Despite that modest cost, 8% of Americans, 26+MM Americans (as well as most of the 20+MM individuals here illegally/undocumented) remain uninsured. Keep in mind that 26+MM is more than 50% of Americans who don’t otherwise have access to employer-sponsored coverage, Medicare, Medicaid or VA coverage!

        Health Reform is a Failure:

        it is a failure, especially if we measure it against the promises mentioned above – everyone covered, lower cost, keep plan, keep doctor, avoid increasing the deficit, national debt.

        I once described health reform in an October 2010 presentation as: “Federal Health Care Reform – Reducing the Number of Uninsured at Any Cost; All past, similar attempts have had varying levels of success at reducing the number of uninsured; but all were unsustainable – generating significant increases in cost and reducing access to service providers.”

        Here’s an excerpt from my October 12, 2010 Cleveland Ohio presentation:

        My prediction is based on analysis of what Health Care Reform meant for something similar, but not exactly the same … the 2006 Massachusetts (MA) changes. Like our new federal law, MA added:
        1. An individual mandate,
        2. An employer mandate, and
        3. Set minimum coverage levels, etc. – all based on the belief that “getting everyone covered would reduce the cost of coverage to all”.

        Unlike the new federal law, the MA changes:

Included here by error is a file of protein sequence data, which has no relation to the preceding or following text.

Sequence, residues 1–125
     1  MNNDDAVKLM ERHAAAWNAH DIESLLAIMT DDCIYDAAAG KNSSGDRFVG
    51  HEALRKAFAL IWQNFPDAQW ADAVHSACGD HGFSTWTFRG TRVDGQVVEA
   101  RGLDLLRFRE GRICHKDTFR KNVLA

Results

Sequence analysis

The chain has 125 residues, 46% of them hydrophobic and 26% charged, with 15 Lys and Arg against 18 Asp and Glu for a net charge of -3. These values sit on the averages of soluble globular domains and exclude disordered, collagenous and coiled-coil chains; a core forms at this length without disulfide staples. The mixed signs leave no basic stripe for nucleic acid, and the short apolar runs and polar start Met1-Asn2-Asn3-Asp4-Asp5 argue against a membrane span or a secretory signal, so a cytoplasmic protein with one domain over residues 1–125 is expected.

1. Were not resisted by litigation, or state legislation/constitutional amendments,
        2. Only imposed minimal penalties on employers who did not offer coverage, and
        3. Initially served to encourage individuals to ignore the individual mandate until they needed coverage.

        Who pays, how much?

        Health care spending is 18% of GDP. GDP is measured many ways, but if we do it on the income approach, it is: GDP = Total national income + Sales taxes + Depreciation + Net foreign factor income Where: Total national income is equal to the sum of all wages plus rents plus interest and profits.

        Personal income was about 18.6 Trillion in 2019, GDP about $21.4 Trillion. So, health care was about 20.7% of personal income in 2019. Does every American have a deduction on each paycheck that is 20% of their gross wages? No, of course not. There would be significant resistance. So, we are attempting to do something as a society that most of us are unwilling to do as individuals. Because the cost of health care coverage is not a function of wages, but a per capita amount (multiplied by the number covered in the family), the cost would result in a percentage of 30% – 90% of wages for individuals who earn less than the median.